Acid reflux? Try going vegetarian.
"A mostly vegetarian diet may provide relief similar to widely used medications for people with acid reflux, a new study suggests," reported a HealthDay article in the Chicago Tribune in September.
The study looked at people with laryngopharyngeal reflux. (1)
"It's a condition where stomach acids habitually back up into the throat, and it's distinct from the much better-known gastroesophageal reflux disease (GERD)--or what most people call heartburn," explained the Tribune.
Instead of heartburn, patients "have symptoms like hoarseness, chronic sore throat, persistent coughing, excessive throat clearing and a feeling of a lump in the throat."
Did the researchers randomly assign reflux patients to either a mostly vegetarian diet or to the PPIs (proton-pump inhibitors) that are widely used to treat GERD? (1) Not exactly.
Instead, they simply looked back at the medical records of 184 patients treated by the lead author, otolaryngologist Craig Zalvan. He had prescribed PPIs to roughly half of those patients (between 2010 and 2012), and a mostly vegan diet--with only two or three servings of meat or dairy per week--to the other half (between 2013 and 2015).
"After six weeks, 63 percent of patients on the diet were showing at least a 6-point drop on a scale called the reflux symptom index," reported the Tribune. "That compared with 54 percent of PPI patients."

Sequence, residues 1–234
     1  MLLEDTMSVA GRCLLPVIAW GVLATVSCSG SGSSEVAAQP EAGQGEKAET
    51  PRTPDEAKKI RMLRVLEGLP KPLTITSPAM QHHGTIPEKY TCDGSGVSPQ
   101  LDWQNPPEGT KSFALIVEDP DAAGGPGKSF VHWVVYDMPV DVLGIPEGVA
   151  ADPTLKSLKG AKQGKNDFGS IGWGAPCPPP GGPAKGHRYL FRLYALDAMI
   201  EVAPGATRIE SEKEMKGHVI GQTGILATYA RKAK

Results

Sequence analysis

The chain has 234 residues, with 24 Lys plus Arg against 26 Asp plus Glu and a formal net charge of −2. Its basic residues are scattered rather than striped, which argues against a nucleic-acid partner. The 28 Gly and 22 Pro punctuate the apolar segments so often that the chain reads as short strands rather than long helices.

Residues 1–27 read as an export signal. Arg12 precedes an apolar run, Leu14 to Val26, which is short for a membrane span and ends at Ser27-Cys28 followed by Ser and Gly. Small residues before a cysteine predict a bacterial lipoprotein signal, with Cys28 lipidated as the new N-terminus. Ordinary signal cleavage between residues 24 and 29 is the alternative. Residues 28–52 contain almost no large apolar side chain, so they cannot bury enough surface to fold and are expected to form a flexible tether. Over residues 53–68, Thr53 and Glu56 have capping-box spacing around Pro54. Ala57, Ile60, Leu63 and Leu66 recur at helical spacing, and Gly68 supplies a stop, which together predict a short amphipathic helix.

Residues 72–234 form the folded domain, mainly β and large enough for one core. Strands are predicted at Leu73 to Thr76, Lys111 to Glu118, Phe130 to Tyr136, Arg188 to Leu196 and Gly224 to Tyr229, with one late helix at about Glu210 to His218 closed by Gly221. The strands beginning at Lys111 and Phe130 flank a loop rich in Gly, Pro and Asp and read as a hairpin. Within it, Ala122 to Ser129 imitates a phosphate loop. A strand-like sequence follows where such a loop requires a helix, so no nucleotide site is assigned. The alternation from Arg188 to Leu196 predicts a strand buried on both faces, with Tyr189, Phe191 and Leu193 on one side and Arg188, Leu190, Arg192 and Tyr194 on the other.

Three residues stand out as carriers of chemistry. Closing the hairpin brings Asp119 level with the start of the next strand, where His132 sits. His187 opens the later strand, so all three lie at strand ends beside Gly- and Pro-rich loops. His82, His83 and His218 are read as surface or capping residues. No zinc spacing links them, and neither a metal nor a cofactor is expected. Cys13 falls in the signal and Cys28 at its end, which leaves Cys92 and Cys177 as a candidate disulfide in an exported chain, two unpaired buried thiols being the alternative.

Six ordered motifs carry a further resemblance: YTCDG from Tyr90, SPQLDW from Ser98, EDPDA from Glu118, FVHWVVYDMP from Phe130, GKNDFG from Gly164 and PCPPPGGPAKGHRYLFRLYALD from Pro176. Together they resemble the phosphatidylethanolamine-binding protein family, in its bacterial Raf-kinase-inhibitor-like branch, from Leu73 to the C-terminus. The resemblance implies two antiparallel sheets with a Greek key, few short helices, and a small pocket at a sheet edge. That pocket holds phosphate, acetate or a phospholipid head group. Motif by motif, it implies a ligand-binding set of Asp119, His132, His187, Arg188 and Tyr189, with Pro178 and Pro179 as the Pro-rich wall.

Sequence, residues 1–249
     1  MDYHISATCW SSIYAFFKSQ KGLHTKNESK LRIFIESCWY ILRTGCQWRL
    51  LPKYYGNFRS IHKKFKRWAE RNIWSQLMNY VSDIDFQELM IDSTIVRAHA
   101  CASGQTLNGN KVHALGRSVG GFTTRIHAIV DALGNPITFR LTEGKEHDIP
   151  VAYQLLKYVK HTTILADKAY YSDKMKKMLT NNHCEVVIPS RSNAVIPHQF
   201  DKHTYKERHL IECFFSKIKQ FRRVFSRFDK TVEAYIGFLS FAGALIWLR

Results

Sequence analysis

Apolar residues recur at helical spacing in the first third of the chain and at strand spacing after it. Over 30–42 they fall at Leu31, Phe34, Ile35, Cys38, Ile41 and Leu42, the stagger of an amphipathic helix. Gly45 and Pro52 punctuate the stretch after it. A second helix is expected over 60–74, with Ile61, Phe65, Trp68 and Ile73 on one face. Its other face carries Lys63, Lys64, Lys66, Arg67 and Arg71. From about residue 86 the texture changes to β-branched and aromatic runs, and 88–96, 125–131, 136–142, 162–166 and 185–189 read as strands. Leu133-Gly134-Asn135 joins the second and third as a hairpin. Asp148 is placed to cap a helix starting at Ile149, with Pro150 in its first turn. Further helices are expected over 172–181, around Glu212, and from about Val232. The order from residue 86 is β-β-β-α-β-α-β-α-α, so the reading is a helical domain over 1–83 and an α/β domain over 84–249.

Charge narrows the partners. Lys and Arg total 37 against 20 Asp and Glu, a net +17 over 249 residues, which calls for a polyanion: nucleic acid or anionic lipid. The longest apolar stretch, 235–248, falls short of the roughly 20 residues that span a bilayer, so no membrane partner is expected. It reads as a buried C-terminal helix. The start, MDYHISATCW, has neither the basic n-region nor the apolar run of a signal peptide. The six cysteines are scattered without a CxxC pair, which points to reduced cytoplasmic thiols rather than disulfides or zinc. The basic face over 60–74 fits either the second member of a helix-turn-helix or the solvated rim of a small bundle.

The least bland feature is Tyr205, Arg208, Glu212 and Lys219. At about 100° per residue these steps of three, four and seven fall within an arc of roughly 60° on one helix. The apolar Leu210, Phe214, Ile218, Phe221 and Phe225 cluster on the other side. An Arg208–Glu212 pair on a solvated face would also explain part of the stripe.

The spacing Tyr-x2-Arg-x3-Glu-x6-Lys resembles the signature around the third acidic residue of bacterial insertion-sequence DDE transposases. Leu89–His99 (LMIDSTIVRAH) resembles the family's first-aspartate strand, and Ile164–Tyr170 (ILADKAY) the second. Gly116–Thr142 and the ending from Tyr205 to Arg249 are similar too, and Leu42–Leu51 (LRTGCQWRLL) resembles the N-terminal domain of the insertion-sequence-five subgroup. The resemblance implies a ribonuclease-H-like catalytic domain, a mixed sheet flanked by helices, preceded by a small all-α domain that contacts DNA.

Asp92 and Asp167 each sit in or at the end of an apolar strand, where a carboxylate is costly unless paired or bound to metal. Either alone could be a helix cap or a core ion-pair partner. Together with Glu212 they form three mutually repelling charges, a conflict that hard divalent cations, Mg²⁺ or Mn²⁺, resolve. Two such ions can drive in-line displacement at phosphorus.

The Tribune neglected to mention that the difference wasn't statistically significant.
And who knows what to make of the results? Would patients say they felt better with any diet recommended by their doc?
Bottom Line: If you have laryngopharyngeal reflux, it can't hurt to try a mostly vegetarian diet, but this study doesn't offer much evidence.
(1) JAMA Otolaryngol. Head Neck Surg. 143:1023, 2017.
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|Title Annotation:||SEEING THROUGH THE NEWS|
|Publication:||Nutrition Action Healthletter|
|Article Type:||Brief article|
|Date:||Mar 1, 2018|
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